SHADOW health secretary Andy Burnham has unveiled radical plans for a new NHS model if Labour wins this year’s general election.
Unveiling the Labour party’s public health policy, Leigh MP Mr Burnham said the health service needed to cover people’s entire medical and social needs if it was to provide care in the 21st century.
He outlined plans for single-budget commissioning in the NHS which will be aimed at preventing people ending up in hospital and linking health policy to areas such as housing, education, planning, transport and leisure.
Mr Burnham also promised tougher action against unhealthy foods in products aimed at children, measures to tackle poor diets, heavy drinking and smoking and moves to help people take control of their own health and get active.
Mr Burnham said: “Though Labour’s approach to public health is changing, our historic mission remains the same: to break the link between health and wealth and to tackle health inequalities, so that no-one’s health is disadvantaged by where they live or what they earn.
“The NHS needs to break out of its 20th-century treatment model mentality and embrace a new whole-person, social model of support that starts with prevention.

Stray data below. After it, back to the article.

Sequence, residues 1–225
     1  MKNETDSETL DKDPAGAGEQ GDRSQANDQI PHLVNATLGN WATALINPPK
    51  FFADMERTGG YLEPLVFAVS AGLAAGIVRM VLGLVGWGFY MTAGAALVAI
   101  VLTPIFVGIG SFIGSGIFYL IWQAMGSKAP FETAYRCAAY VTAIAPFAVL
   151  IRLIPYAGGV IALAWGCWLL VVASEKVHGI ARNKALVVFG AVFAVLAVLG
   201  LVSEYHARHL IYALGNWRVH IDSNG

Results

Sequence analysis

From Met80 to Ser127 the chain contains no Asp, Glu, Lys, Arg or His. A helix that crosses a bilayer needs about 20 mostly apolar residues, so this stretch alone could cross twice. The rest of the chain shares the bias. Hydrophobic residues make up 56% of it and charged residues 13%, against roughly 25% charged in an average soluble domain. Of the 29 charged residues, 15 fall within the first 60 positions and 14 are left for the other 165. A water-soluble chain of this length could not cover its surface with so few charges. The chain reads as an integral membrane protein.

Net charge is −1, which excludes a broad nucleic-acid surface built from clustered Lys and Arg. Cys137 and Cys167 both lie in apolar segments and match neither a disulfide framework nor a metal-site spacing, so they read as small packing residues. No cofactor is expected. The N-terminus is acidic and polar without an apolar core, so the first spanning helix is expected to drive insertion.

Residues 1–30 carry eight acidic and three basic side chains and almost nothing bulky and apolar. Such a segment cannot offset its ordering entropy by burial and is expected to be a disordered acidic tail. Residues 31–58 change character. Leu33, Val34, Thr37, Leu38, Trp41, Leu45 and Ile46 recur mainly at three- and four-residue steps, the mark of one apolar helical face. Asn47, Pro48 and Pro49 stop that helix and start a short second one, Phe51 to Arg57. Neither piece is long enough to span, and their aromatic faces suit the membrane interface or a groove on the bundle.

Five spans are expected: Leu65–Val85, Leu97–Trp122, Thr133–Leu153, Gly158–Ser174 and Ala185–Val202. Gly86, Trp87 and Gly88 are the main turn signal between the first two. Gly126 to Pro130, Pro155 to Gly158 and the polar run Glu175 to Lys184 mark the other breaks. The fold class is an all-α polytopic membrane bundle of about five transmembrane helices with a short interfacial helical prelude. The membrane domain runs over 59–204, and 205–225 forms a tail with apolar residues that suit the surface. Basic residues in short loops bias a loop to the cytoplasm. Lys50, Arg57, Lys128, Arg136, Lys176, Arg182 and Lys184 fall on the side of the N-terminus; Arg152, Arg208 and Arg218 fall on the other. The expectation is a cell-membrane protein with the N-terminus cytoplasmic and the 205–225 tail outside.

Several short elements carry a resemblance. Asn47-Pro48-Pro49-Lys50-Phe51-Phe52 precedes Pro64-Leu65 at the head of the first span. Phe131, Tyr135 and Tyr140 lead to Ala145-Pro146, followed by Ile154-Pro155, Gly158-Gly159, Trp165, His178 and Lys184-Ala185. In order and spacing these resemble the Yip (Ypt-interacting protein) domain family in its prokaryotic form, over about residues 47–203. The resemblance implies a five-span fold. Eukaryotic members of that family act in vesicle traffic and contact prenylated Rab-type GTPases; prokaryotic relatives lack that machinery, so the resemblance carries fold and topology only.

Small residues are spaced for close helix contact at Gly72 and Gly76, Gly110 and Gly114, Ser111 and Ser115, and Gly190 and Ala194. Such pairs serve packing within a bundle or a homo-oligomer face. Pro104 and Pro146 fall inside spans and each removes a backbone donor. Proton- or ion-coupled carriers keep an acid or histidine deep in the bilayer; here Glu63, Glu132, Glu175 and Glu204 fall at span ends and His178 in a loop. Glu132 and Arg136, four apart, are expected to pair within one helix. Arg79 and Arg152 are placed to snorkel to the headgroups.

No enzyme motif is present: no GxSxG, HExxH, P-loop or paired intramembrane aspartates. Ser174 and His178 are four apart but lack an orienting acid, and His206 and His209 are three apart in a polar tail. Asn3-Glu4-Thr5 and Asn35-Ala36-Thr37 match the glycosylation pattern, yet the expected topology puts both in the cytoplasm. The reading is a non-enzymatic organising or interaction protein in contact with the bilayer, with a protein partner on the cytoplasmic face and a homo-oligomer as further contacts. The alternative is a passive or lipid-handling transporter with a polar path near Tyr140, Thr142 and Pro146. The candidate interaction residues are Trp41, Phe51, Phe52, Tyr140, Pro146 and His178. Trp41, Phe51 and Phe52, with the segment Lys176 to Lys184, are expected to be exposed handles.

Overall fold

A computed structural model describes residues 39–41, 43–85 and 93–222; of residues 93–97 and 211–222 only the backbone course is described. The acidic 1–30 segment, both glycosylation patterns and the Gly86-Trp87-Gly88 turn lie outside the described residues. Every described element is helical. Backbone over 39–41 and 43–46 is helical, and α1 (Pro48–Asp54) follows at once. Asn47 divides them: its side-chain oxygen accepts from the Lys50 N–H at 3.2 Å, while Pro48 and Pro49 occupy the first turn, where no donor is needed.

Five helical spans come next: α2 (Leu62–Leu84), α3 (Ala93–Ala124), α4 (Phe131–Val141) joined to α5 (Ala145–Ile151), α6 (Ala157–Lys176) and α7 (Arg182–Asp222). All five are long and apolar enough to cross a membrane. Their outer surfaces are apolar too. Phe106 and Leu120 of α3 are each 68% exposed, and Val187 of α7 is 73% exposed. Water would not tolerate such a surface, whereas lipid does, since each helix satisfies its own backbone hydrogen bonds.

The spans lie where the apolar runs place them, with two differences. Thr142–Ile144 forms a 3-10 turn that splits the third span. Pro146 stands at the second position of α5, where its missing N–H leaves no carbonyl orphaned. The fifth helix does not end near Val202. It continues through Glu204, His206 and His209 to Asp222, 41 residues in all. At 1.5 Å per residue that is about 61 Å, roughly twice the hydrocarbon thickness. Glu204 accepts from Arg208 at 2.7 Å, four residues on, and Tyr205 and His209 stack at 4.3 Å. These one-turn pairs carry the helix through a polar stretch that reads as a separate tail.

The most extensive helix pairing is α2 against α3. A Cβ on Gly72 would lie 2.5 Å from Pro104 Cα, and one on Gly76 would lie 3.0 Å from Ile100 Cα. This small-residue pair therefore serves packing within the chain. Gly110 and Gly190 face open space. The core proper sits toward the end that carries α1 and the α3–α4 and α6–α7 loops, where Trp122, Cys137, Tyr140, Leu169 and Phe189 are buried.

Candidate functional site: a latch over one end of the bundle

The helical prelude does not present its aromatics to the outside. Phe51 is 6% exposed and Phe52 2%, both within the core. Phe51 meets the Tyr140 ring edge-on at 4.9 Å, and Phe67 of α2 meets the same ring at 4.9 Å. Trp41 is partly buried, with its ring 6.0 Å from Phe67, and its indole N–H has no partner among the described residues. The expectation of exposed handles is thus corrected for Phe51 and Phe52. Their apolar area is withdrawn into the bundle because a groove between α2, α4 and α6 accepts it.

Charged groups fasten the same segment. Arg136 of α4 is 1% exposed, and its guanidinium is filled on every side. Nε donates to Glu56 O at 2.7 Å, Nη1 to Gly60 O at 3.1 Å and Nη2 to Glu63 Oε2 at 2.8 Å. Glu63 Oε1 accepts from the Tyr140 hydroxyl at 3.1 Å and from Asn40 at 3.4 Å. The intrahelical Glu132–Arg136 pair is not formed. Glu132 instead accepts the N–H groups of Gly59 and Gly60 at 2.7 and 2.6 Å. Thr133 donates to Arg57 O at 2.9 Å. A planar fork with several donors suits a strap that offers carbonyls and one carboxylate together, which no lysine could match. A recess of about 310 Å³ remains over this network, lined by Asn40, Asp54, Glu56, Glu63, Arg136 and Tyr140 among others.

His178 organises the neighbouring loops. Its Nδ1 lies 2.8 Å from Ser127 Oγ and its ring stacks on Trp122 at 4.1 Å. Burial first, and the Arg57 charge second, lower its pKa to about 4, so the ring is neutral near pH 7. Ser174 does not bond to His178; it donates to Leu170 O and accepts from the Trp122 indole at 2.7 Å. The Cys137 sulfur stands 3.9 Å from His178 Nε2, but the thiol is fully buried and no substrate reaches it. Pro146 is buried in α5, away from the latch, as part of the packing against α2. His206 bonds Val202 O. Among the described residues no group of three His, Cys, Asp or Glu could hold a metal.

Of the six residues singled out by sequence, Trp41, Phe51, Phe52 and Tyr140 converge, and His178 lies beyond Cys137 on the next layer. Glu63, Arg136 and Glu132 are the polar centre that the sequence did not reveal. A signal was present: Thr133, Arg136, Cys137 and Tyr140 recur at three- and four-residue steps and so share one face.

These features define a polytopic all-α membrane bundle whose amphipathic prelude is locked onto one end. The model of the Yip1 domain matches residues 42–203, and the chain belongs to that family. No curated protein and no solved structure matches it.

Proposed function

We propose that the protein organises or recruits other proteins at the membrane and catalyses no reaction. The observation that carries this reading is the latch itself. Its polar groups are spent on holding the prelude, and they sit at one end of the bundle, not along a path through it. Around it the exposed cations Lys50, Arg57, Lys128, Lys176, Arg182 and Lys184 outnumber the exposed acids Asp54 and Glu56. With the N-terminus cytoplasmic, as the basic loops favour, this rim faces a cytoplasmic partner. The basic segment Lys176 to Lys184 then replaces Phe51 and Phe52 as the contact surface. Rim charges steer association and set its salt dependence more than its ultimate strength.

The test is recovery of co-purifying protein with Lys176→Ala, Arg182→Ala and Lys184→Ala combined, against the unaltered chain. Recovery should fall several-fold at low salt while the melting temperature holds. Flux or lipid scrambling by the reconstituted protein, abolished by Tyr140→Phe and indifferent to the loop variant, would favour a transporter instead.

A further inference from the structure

“Only by doing that will we help all children fulfil their potential and build a more equal and fair society.”
Mr Burnham’s speech, delivered at the Demos think-tank in London, said the Government had not done enough to protect the public health on issues such as tobacco plain packaging and alcohol minimum pricing, but said it was vital not to come across as lecturing the public.
He said Labour would regulate maximum levels of fat, salt and sugar in children’s food, but other items at the supemarket would have traffic-light labelling to enable shoppers to make more informed choices.
He cited the Opposition’s success in campaigning to ban smoking in cars with children and clamp down on people buying tobacco for under-age smokers.
Mr Burnham said: “The simple truth is there is far more we can, and should, be doing as a society to protect children from the harm caused by smoke, sugar, alcohol and inactivity and give each child a better start in life, and we will not be deflected from doing it.
“But, beyond that, we will develop a more positive approach to promoting the health of the rest of the population, recognising that people are free to make their own choices.
“Old-fashioned ideas about banning or restrict are unlikely to work, as are negative messages telling people what not to do. If we get the tone wrong, and public health proposals are seen as interfering and finger-wagging, then it could undermine public support and turn people off.”
Mr Burnham also said Labour would put encouraging people to exercise and do physical activity at the centre of public health policy.